Brexit is hitting Brits where it hurts—square in the shopping basket

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Image: Reuters/Neil Hall
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Brexit hasn’t come to pass yet—in fact, negotiations on the divorce between the UK and EU haven’t even begun—but the economic cost of the vote is quickly catching up with the British public.

In June 2016, when the UK voted to leave the EU, the annual inflation rate on food and non-alcoholic beverages was -2.9%. Almost a year later, the latest data for May from the Office for National Statistics shows that rate has surged to 2.1%, the highest since November 2013.

Food inflation is rising quickly. At the beginning of the year, the rate was still negative and had been for almost three years after new discount supermarkets put pressure on big chain stores and sparked a nationwide supermarket price war. Those days are over. The pound’s 15% slide since the EU referendum has pushed up import prices; some stores have responded by removing well-known brands like Sol beer from the shelves and warned that prices on other products would rise.

This is the latest sign of the “challenging time” UK households are set to face as a result of Brexit, warned of by the central bank. It also shows the disproportionate effect Brexit is having on the population. Last year, lower income households spent 17% of their total expenditure on food and non-alcoholic drinks, compared to 8% for households with the highest income. So poorer families will feel the force of this inflation more.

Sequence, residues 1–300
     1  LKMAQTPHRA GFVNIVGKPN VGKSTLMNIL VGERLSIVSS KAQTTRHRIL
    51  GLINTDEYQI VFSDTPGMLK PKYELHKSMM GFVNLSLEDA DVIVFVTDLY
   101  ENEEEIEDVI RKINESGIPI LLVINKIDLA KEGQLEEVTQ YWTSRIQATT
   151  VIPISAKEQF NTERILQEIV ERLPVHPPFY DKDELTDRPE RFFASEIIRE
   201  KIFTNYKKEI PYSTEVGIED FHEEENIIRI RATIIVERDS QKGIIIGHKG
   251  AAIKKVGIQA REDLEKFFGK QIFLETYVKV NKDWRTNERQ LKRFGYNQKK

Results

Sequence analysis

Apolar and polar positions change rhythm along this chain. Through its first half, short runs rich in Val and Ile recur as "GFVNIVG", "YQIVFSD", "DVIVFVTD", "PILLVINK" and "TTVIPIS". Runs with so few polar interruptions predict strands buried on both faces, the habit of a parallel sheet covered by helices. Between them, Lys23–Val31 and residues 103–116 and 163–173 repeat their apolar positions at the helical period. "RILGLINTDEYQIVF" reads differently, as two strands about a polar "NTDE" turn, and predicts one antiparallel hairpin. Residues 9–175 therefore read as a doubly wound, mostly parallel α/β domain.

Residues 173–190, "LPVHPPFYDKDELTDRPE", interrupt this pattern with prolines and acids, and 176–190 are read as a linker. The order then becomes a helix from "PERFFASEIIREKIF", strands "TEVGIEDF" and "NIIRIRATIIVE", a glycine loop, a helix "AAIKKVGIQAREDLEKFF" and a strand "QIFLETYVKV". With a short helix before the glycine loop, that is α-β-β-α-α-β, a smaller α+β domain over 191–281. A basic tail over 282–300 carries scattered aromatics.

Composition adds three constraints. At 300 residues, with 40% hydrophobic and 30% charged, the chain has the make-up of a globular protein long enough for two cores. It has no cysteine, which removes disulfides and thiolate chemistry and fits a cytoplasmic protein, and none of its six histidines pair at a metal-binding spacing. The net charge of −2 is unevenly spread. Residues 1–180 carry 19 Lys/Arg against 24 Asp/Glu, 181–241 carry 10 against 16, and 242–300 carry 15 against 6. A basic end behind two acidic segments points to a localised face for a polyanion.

Meanwhile, there are more billionaires in the UK than ever before and they are getting richer as the weaker currency propelled the UK stock market to record highs and increased earnings on any overseas investments. The latest inflation data adds insult to injury for the new UK government who are faced with negotiating Brexit from an unstable position while the economy around them gets weaker and the public feels poorer.